## Why BE testing use 90 CI [General Statistics]

Hi Akash,

More accuracy, what does that mean?

We have some more or less empirically justified limits of 80.00%-125.00%.

And we want a 5% risk of making the wrong conclusions in the sense of regulatory (patient's) risk; in practice this means we adopt a policy of a 5% risk of approving a product that is not BE. This is where the 90% CI comes into the equation. There is a (not more than) 5% risk associated with it (1-2*alpha).

A 95% CI would be less risky, ie. up to 2.5% chance of approving a non-BE product. Why would we want that, then alpha=5% seems to work just fine?

❝ Why Bioequivalence testing makes use of the 90 CI why not 95 CI which gives more accuracy?

More accuracy, what does that mean?

We have some more or less empirically justified limits of 80.00%-125.00%.

And we want a 5% risk of making the wrong conclusions in the sense of regulatory (patient's) risk; in practice this means we adopt a policy of a 5% risk of approving a product that is not BE. This is where the 90% CI comes into the equation. There is a (not more than) 5% risk associated with it (1-2*alpha).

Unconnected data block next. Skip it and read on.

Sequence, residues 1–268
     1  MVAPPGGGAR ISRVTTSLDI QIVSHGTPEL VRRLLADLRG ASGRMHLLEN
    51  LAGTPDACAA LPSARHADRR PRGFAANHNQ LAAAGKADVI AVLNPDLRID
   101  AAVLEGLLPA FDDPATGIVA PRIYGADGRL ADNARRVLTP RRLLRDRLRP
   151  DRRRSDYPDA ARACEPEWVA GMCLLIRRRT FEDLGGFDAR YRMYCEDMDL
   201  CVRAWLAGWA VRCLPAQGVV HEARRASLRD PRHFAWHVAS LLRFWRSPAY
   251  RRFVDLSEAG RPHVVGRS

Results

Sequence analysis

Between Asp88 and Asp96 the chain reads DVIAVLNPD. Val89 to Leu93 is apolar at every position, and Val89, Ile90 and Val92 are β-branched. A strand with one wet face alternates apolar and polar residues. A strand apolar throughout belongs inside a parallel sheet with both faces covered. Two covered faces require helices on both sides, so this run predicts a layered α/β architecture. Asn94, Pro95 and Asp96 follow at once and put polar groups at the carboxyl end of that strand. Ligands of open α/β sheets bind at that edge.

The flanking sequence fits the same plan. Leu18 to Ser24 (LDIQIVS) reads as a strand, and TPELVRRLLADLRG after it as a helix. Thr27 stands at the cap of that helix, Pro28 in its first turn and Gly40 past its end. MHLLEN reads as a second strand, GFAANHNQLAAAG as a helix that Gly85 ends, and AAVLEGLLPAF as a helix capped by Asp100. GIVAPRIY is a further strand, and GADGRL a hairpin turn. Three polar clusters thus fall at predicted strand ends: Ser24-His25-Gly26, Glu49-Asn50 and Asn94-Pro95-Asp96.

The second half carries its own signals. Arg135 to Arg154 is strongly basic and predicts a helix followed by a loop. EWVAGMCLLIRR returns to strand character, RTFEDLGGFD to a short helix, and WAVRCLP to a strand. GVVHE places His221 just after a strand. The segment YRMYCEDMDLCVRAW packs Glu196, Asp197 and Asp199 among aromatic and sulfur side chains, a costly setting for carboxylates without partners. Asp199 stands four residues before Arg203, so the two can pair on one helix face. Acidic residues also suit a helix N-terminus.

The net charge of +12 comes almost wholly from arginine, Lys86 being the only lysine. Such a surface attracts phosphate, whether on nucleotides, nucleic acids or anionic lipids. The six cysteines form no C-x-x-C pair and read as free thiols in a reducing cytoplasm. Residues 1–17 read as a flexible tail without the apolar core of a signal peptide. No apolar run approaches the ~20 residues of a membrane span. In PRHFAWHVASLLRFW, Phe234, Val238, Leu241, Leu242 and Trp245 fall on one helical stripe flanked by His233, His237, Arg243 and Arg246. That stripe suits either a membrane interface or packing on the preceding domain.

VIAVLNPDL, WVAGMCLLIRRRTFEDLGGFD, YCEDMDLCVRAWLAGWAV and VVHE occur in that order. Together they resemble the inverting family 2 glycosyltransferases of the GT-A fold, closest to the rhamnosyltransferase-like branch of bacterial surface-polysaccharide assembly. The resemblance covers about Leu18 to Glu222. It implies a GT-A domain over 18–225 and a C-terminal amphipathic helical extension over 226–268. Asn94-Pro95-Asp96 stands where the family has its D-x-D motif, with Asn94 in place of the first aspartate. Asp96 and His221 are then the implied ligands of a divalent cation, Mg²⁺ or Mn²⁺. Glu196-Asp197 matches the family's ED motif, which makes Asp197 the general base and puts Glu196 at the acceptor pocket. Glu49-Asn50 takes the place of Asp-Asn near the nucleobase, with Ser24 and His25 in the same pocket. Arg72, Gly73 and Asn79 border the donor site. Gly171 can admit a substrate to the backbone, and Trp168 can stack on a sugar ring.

A 95% CI would be less risky, ie. up to 2.5% chance of approving a non-BE product. Why would we want that, then alpha=5% seems to work just fine?

—

Pass or fail!

ElMaestro

Pass or fail!

ElMaestro

### Complete thread:

- Why BE testing use 90 CI akash 2019-02-23 08:39 [General Statistics]
- Why BE testing use 90 CIElMaestro 2019-02-23 10:18
- Why BE testing use 90 CI Ohlbe 2019-03-03 23:07
- one-sided / two-sided Helmut 2019-03-04 01:20
- one-sided / two-sided ElMaestro 2019-03-04 09:04
- one-sided / two-sided Helmut 2019-03-04 11:25

- one-sided / two-sided ElMaestro 2019-03-04 09:04

- one-sided / two-sided Helmut 2019-03-04 01:20

- Why BE testing use 90 CI Ohlbe 2019-03-03 23:07

- Why BE testing use 90 CIElMaestro 2019-02-23 10:18